At parent-focused event, Youngkin takes aim at social media’s ‘destructive influence’
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At the latest of three “Parents Matter” town halls he’s hosting around Virginia ahead of pivotal General Assembly elections this fall, Gov. Glenn Youngkin hit on his usual themes of giving parents a bigger role in schools, raising expectations for student achievement and finding “multiple pathways” for young Virginians to start careers.
But one of the biggest topics of discussion over the roughly hour and a half Youngkin spent interacting with a crowd at a Henrico County elementary school was one that defies easy policy solutions: the impact of social media on children and teenagers.
“I do think this topic of social media and the … destructive influence that it is having on our children is one we all need to run to,” Youngkin said. “We have to run to educate ourselves. … Parents want more information so that they can engage more productively and more restrictively with their children on what’s happening in their social media life. That’s going to be a collective effort that we’re going to have to work on together.”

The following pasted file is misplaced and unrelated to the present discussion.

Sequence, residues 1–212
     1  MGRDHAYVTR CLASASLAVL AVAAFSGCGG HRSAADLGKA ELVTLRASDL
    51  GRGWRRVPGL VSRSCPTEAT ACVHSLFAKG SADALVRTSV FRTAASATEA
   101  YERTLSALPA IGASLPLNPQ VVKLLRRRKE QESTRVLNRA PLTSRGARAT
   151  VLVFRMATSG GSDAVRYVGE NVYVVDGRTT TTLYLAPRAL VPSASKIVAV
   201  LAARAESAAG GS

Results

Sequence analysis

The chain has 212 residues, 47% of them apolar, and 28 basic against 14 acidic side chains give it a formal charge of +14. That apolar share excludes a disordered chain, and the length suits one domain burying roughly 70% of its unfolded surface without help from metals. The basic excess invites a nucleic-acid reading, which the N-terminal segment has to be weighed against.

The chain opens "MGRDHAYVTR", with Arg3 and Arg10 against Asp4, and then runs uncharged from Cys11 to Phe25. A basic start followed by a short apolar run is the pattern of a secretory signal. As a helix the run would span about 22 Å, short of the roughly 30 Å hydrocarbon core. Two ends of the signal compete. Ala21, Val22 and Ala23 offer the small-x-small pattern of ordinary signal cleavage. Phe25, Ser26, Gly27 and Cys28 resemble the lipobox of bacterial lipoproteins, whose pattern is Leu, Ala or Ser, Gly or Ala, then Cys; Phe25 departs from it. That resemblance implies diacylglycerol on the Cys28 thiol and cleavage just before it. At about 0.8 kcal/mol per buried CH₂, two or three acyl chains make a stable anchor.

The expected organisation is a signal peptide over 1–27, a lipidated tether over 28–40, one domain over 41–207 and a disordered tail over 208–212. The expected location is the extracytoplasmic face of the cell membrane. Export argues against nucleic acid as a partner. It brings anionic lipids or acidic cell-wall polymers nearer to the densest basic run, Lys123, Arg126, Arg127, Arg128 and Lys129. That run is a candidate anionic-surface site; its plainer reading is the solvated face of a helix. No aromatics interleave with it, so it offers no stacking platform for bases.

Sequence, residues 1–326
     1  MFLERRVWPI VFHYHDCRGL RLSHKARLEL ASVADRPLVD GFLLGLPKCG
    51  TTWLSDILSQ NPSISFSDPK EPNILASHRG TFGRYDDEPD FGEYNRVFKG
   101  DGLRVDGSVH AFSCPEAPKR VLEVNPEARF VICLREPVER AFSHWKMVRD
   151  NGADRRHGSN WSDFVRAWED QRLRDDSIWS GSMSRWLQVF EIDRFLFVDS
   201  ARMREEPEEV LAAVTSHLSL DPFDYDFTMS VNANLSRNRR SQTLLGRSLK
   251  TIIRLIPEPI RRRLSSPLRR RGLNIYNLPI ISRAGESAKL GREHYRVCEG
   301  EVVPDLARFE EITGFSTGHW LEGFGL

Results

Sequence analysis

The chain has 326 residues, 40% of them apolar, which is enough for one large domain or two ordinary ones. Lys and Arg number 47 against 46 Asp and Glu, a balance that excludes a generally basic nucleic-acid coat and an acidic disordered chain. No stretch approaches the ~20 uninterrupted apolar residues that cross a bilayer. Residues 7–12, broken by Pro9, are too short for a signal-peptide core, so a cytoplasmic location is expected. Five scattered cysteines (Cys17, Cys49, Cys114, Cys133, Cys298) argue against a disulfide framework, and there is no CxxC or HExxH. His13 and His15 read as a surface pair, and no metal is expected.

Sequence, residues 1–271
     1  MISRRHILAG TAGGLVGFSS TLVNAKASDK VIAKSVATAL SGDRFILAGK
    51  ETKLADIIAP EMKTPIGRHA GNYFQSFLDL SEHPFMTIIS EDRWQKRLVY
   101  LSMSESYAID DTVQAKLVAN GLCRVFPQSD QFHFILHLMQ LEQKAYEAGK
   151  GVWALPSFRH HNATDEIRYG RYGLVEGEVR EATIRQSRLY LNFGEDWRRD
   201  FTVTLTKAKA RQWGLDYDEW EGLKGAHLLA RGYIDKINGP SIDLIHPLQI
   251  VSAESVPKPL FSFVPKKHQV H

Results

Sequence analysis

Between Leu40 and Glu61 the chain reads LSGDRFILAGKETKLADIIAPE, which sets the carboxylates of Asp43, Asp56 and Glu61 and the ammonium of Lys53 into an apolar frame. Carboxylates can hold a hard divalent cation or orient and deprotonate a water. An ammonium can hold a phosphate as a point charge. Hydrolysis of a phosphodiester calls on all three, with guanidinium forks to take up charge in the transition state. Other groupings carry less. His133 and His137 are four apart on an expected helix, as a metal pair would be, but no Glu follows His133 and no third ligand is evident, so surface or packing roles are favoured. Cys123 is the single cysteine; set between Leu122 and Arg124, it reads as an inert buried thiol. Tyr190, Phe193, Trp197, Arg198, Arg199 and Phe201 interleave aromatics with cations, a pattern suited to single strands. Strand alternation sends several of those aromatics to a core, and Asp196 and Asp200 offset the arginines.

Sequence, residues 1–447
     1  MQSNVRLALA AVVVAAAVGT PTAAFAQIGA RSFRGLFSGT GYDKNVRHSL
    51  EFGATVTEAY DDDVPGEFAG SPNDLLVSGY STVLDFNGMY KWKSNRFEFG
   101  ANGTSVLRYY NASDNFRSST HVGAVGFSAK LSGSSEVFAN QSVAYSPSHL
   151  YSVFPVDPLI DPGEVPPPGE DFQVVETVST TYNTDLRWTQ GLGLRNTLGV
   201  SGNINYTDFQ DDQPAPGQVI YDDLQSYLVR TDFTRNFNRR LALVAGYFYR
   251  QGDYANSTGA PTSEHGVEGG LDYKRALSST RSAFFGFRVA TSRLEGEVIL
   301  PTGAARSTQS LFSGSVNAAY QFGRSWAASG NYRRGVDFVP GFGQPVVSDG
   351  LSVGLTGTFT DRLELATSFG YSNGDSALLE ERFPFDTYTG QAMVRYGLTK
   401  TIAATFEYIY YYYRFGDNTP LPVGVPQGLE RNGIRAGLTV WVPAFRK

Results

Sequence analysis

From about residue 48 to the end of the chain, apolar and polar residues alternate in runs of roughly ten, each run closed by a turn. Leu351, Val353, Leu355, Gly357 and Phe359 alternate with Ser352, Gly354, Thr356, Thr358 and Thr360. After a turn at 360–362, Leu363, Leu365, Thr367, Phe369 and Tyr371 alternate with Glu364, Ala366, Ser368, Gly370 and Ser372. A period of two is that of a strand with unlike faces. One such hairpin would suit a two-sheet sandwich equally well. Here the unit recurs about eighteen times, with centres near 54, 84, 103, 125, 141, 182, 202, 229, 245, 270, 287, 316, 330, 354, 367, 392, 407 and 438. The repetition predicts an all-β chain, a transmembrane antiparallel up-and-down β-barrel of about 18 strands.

Both Youngkin and Sen. Siobhan Dunnavant, R-Henrico — the co-headliner for the event at Crestview Elementary School — linked social media to the broader issues of bullying and youth mental health struggles.
Dunnavant, whose blue-tilting district in the Richmond suburbs has made her one of the most endangered Republican incumbents of the 2023 election cycle, said the solution to parental concerns about social media will probably be “a multitude of things,” including anti-bullying hotlines and a closer look at the data-driven algorithms popular apps like TikTok use to serve up images and videos to young viewers.
As the two political figures took questions from parents concerned about strangers contacting their children on Instagram, the challenge of disappearing messages on Snapchat and the seeming futility of trying to control what kids do online, Dunnavant and Youngkin repeatedly returned to the overarching message of parental empowerment.
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